US President Joe Biden has announced that three US servicemen were killed and at least another 34 injured in a drone attack on a US base at the Jordan-Syria border yesterday (Sunday) morning.
The drone struck in the early morning as troops were asleep in a barracks, causing high casualties. The US is investigating why its air defences failed.
Who did this?
A broad, Iran-backed collective has claimed responsibility for various attacks over the weekend, but the specific culprit here is likely Kata’ib Hezbollah, an Iran-backed Shiite group that fought coalition forces in Iraq. The US hit one of its sites in Iraq just last week, and killed its leader with a drone strike in 2020.
Various Iranian-backed groups in the region have now launched 150+ drone and other strikes on US forces since the Hamas attacks of 7 October, wounding at least 70. But this is the first that’s killed US military personnel.
Why’d they do this?
The US-Iran rift goes back decades, but these days Iran and its proxies want to:
- Punish the US for defending Israel’s response to the Hamas attacks
- Isolate Israel, which Iranian leaders have long pledged to destroy
- Stop the US and its partners from curbing Iran’s regional ambitions
- Seek security by destabilising and then controlling their periphery, and
- The Iranian regime’s “death to America” narrative also helps it retain power at home while cultivating influence abroad
What’s a US base doing on the Jordan-Syria border?
The US base (‘Tower 22’) started out as a place for the US to train Syrian rebels fighting against the Assad regime, and later to train Kurdish rebels fighting against ISIS. These days, it’s part of a string of US bases in the immediate area aiming to disrupt Iranian supply lines to its regional proxies.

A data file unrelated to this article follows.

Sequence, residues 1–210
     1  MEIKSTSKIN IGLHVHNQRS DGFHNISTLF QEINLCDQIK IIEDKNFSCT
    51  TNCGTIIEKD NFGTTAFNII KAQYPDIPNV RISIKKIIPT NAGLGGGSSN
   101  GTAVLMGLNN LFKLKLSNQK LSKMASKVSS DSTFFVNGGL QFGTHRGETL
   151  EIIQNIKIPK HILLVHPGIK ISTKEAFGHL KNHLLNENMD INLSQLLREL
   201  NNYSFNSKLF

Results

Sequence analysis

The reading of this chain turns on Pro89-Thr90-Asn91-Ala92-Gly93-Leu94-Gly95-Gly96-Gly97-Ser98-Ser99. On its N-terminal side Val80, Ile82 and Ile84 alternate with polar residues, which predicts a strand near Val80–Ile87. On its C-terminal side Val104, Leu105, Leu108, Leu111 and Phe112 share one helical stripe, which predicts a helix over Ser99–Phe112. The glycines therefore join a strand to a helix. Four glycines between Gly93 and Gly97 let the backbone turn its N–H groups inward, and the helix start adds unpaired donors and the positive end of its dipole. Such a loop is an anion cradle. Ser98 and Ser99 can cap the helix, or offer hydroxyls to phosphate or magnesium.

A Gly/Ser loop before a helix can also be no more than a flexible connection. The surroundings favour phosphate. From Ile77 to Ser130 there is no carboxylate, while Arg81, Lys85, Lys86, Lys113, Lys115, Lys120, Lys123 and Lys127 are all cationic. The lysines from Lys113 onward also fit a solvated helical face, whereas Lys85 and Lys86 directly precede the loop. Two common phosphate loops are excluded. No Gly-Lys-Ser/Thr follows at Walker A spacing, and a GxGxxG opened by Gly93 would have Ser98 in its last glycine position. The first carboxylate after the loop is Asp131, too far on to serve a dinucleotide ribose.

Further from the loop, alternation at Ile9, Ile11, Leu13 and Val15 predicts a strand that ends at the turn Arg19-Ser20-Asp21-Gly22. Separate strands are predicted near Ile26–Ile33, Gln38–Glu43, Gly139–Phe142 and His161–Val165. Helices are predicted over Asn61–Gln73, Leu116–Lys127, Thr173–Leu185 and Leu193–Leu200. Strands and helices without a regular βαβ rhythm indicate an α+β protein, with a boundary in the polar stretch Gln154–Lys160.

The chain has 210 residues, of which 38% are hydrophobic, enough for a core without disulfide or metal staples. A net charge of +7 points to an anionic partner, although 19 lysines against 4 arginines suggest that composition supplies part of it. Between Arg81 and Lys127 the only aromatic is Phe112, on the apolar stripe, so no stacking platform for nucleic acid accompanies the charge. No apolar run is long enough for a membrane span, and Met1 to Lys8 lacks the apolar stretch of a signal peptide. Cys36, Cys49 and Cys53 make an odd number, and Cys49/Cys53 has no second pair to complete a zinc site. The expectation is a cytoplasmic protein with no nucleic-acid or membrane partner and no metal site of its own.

How has the world responded?
Iranian state media outlets are reporting Iran’s denial of any involvement, while Hamas claims the attack was “a message to the US administration that unless the killing of innocents in Gaza stops, it must confront the entire nation”.
Interestingly, Jordan (a US ally) initially denied the attack occurred on its own soil – Jordan doesn’t generally acknowledge the base’s existence in public, in an effort to avoid inflaming anti-US sentiment.
As for President Biden, he’s said “we will hold all those responsible to account at a time and in a manner of our choosing.”
Technically this is an escalation in outcome rather than intent – i.e., it’s the exact same outcome Iran’s proxies have pursued via 150+ attacks on US forces since October 7th. But one of those attacks has now cost US servicemen lives, and so the US is now preparing a military response.
The challenge will be in crafting something that threads the various US interests at stake here. It wants to:
- Retaliate, but not escalate
- Deter an adversary without destabilising a region
- Use force that’s proportionate but still effective
- Show control befitting a superpower, but without looking weak
- Impose costs on an adversary that’s seeking to hurt the US from behind a veil of proxies and plausible deniability, and
- Do all this knowing that players like Russia, North Korea, and China will watch the US response very, very carefully.
Is all this possible? Yes. Is it easy? No.
Also worth noting:
- The US is working on new technologies to boost its drone defences.
- The US reportedly warned Iran in advance about the deadly ISIS bombings that took 84 Iranian lives earlier this month.
- Separately on Sunday, Iran says it conducted a simultaneous launch of three satellites for the first time, after five earlier failed attempts.